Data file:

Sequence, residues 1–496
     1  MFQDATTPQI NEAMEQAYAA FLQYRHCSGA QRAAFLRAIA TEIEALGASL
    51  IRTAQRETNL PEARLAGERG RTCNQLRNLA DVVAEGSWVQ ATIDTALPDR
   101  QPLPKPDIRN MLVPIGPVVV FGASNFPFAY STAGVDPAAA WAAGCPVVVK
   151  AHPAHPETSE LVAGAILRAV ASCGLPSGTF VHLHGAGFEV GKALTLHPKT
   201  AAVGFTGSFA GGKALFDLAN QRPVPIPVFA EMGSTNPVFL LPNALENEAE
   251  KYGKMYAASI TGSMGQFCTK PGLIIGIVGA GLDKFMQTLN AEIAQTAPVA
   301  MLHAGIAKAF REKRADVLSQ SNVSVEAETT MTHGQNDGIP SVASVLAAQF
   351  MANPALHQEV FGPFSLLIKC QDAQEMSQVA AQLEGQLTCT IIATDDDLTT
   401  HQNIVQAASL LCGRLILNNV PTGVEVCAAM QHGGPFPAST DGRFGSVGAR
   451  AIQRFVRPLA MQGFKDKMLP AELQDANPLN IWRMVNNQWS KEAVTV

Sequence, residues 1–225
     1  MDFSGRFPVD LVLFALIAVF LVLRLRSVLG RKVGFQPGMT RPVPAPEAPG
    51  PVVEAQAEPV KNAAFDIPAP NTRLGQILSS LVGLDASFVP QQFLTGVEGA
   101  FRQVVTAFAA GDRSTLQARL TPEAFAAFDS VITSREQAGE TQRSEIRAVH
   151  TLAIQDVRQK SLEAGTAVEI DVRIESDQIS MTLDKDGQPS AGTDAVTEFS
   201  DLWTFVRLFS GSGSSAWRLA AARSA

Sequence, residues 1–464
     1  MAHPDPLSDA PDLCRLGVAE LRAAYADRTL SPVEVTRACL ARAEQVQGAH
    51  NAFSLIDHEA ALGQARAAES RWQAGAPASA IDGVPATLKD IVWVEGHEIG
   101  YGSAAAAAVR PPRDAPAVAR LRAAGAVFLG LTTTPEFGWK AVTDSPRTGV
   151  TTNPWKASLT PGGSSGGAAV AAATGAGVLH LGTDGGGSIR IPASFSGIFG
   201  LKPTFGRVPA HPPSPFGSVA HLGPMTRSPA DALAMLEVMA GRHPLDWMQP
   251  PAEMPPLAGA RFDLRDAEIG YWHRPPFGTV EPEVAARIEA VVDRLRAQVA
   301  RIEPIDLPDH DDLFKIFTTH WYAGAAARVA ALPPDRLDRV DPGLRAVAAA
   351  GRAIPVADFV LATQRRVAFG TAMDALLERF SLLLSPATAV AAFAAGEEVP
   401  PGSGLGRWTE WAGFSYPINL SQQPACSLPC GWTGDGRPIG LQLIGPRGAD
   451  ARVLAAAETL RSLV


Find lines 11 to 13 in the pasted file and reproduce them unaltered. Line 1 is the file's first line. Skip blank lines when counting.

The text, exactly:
   451  AIQRFVRPLA MQGFKDKMLP AELQDANPLN IWRMVNNQWS KEAVTV

Sequence, residues 1–225
     1  MDFSGRFPVD LVLFALIAVF LVLRLRSVLG RKVGFQPGMT RPVPAPEAPG